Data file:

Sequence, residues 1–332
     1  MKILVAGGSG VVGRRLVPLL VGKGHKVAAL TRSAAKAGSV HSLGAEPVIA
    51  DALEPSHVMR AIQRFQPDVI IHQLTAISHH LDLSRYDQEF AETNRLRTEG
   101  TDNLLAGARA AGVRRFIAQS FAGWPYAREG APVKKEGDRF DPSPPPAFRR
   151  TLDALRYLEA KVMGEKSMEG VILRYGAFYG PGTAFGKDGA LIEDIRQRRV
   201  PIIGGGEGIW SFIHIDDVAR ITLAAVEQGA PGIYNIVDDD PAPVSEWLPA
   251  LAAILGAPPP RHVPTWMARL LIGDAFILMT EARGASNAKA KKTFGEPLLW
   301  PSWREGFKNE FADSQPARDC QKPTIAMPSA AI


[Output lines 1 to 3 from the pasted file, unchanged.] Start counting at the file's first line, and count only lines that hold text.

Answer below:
Sequence, residues 1–332
     1  MKILVAGGSG VVGRRLVPLL VGKGHKVAAL TRSAAKAGSV HSLGAEPVIA
    51  DALEPSHVMR AIQRFQPDVI IHQLTAISHH LDLSRYDQEF AETNRLRTEG